Articles

Dormancy of Trees in Winter

Science  08 Jan 1971:
Vol. 171, Issue 3966, pp. 29-36
DOI: 10.1126/science.171.3966.29

Abstract

Early dormancy involves a number of phenomena: cessation of active growth, formation of terminal buds, formation of abscission layers in leaves, development of cold resistance, development of winter rest (a chilling requirement), and leaf fall. The buds of some tree species (or some races of a species) have a true rest or winter chilling requirement; usually the roots do not; perhaps the cambium does not. There is a wide range of genetic variation within and between species in response to photoperiod, winter chilling, water nutrients, and other environmental factors which affect the dormancy condition of plants.

During the period of winter rest there are many metabolic and developmental processes going on in the buds and twigs. These processes include respiration, photosynthesis, some cell division, enzyme synthesis, production of growth stimulators, and dissipation of growth inhibitors.

Dormancy of trees can be divided arbitrarily into three phases: early rest, winter rest, and after-rest. Each of these phases is marked by a distinct set of physiological processes. The transition between the three phases is gradual. Some processes of after-rest can proceed even though the winter chilling requirement (winter rest) of a tree has not been completed fully.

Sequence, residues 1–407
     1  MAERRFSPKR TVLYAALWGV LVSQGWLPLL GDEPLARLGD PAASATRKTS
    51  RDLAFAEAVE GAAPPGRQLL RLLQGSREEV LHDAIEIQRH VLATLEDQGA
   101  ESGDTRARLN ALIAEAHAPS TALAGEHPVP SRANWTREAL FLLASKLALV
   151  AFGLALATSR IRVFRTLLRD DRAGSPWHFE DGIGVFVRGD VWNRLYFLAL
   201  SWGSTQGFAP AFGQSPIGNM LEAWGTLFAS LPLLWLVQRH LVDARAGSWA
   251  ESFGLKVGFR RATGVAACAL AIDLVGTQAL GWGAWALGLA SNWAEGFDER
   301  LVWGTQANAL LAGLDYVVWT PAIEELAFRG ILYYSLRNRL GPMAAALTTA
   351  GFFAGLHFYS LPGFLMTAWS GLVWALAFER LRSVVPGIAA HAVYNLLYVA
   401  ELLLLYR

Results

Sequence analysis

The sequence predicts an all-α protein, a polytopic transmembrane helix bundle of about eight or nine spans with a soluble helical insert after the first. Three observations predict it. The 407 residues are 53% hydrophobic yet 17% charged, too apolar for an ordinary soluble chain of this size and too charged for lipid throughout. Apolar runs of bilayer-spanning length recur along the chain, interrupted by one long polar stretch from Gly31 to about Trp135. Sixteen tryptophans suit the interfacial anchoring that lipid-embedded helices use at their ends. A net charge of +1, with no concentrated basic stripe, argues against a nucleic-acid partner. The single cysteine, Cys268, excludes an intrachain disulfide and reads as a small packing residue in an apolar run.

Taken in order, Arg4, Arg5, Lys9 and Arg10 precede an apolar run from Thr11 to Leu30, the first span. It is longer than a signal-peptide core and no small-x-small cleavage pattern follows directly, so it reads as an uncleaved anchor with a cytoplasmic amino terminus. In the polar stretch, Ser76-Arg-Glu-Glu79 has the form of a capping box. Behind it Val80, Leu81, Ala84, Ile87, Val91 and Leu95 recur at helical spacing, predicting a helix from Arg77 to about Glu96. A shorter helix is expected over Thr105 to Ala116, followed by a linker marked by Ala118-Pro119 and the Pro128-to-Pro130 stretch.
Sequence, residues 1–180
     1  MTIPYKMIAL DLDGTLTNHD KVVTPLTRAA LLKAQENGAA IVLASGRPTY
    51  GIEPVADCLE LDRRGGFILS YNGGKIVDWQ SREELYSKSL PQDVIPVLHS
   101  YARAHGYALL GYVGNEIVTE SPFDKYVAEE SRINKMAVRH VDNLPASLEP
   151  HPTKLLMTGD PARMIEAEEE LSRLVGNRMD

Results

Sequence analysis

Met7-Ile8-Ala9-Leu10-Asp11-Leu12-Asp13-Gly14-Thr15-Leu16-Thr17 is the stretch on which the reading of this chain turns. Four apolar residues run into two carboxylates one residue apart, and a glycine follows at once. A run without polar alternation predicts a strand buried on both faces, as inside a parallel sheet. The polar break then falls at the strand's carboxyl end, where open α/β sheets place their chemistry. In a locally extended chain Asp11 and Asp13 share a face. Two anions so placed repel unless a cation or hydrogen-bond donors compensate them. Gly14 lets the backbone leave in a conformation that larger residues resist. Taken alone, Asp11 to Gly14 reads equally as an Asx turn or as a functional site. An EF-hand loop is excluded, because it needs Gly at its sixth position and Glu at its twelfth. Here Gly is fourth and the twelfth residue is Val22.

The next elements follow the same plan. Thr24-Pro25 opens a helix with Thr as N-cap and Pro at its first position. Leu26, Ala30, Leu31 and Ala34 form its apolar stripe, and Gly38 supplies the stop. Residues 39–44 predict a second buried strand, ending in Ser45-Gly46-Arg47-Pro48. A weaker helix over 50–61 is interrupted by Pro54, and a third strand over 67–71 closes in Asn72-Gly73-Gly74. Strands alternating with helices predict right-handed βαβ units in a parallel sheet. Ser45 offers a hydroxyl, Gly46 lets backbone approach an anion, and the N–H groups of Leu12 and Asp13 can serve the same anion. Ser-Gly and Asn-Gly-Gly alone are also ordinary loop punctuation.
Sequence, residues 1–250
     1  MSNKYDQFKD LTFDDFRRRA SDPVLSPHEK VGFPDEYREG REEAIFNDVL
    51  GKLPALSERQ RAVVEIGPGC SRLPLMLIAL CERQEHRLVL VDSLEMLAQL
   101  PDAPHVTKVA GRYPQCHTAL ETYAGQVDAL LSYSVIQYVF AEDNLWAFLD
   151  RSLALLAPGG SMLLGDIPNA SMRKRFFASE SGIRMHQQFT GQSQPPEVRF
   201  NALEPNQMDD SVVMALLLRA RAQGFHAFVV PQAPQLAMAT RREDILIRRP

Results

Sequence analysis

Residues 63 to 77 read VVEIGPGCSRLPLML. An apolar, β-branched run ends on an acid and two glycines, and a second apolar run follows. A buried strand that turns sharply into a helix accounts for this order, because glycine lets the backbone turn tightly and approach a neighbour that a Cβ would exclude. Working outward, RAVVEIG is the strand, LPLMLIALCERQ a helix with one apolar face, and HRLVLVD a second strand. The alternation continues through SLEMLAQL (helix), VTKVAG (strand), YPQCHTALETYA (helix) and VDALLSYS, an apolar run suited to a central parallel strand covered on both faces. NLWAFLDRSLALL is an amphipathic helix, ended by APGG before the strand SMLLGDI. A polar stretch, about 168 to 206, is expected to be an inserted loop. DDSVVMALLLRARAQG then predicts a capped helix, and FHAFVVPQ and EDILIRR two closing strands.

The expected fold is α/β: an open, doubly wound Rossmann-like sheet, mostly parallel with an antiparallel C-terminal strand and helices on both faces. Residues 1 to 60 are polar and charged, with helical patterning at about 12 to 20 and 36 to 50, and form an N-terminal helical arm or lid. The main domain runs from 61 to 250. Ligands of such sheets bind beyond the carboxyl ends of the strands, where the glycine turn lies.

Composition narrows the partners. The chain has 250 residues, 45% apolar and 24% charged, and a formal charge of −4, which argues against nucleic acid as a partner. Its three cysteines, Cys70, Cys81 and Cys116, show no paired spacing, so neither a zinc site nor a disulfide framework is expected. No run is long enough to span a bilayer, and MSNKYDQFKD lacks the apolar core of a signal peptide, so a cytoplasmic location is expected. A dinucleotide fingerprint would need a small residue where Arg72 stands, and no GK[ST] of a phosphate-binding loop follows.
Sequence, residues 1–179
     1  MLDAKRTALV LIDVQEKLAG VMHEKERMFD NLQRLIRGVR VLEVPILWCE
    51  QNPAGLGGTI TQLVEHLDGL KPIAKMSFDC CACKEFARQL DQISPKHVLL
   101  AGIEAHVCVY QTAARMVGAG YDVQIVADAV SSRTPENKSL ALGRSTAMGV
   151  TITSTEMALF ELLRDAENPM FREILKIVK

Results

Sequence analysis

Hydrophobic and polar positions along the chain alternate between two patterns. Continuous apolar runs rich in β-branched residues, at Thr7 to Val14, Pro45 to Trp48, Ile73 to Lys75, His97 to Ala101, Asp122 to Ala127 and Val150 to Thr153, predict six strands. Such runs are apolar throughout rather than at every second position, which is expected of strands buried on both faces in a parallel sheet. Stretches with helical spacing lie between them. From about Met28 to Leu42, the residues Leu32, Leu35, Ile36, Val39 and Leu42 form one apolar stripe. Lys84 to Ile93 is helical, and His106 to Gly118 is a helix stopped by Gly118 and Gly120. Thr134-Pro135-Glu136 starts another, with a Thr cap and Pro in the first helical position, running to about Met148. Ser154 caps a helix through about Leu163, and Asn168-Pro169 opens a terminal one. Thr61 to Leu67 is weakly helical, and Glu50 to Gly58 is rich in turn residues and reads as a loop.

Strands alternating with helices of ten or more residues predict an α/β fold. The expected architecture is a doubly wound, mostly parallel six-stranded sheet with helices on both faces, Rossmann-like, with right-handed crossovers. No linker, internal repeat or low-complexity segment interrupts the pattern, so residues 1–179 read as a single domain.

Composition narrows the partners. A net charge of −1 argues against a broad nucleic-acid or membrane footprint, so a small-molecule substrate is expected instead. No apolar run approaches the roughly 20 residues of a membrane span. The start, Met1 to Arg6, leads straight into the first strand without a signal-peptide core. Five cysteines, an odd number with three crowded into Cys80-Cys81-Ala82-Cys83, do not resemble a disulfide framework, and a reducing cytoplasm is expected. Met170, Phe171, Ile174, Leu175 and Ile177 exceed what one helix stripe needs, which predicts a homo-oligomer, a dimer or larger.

Evidence from grafting experiments and chemical treatments to break winter rest, and studies of genetic variability indicate that the processes and phenomena of dormancy are at least partially independent of each other. Different buds and branches and other parts of the same plant may initiate dormancy, break dormancy, and renew vegetative growth independently.

Initiation and cessation of dormancy can be triggered by a number of environmental variables: photoperiod, temperature, nutrition, water, an array of chemicals, and shock treatments. Dormancy regulation must either involve a variety of receptors or involve receptors that are responsive to a variety of stimuli. Unless dormancy is defined in a highly restricted sense (that is, possession of chilling requirement), it is hard to conceive of a single receptor or regulator that controls all of the phenomena of dormancy. A large number of genes are definitely involved and hence a large number of enzymes. The kinds of enzymes, their numbers, and their concentrations can be regulated by manipulating the environment.